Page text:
Sent: Monday, September 24, 2007 12:08:45 PM
To: Select Board
Subject: comments for priorities discussion
I thought I would send along a summary of my comments from last Thursday night's priorities discussion:
1. We need to stop looking at % of revenue from residences and businesses and look instead at the bottom line - dollars. If we have a $1.5M gap, how will we close it?
2. We have a couple of examples in town that can give us a glimpse of how we might generate more revenues. Veridian Village, the seniors-focused development going up at Hampshire College, is projected to bring in $700k in annual tax revenues. The JPI taxable student housing complex that was proposed for North Amherst was estimated to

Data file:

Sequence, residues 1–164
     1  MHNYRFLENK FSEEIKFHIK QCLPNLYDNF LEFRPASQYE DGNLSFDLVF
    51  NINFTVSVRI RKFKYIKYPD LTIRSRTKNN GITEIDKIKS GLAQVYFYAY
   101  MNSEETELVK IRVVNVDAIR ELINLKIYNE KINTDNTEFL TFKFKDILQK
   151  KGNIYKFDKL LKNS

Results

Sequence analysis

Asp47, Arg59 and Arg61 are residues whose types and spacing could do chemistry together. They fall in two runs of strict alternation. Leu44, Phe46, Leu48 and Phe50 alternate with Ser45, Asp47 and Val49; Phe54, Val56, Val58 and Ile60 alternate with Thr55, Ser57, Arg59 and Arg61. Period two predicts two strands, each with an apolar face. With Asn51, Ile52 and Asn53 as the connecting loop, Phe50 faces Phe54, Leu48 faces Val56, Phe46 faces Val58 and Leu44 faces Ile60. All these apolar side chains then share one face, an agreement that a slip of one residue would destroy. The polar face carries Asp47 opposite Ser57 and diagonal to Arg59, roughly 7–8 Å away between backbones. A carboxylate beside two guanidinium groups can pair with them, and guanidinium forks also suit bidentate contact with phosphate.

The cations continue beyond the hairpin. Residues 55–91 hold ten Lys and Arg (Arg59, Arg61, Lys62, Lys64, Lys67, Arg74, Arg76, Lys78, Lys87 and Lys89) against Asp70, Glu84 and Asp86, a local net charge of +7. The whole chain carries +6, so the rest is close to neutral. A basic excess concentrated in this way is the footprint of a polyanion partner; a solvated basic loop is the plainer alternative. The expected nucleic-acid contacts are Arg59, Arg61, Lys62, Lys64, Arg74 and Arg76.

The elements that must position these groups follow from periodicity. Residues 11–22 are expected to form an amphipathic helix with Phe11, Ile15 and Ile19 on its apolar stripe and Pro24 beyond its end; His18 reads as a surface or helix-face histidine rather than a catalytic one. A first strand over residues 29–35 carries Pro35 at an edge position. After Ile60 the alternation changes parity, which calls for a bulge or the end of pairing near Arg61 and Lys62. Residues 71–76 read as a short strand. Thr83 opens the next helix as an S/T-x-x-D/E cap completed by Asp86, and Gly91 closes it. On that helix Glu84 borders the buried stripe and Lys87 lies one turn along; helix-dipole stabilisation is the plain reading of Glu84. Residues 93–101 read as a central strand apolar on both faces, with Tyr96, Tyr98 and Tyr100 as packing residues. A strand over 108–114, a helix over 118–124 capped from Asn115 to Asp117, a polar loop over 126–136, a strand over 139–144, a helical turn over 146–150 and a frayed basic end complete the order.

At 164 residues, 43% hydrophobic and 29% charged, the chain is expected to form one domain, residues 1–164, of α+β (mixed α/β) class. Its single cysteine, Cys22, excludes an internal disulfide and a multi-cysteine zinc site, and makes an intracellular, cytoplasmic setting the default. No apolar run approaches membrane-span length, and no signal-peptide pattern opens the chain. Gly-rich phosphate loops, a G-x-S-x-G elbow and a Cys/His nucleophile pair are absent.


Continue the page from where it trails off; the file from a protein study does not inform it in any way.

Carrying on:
bring in $500k in annual tax revenues. Maybe we could still do something like this, siting it in a different location if necessary. Anyway, that's $1.2M right there.
3. There was a column in the Gazette a couple of months ago [below] that noted that companies in Boston are having trouble getting workers because they can't afford to buy housing there. Our housing costs aren't great, but they're more affordable than Boston. We could recruit a company or two from the Boston area to set up a research-based shop here, consistent with our values and the higher ed strengths we have here - say alternative energy or software development.
The point is, there are real projects that can generate real dollars. I don't know all the details on this, and I would say most of us don't. But we have people on staff in our town who could do the research, crunch the numbers, and give us some options. Maybe we should ask them to do that.
[Originally published in Daily Hampshire Gazette on: Friday, June 15, 2007]
The knowledge economy: How our region can help end the state's brain drain
BY WILLIAM POHL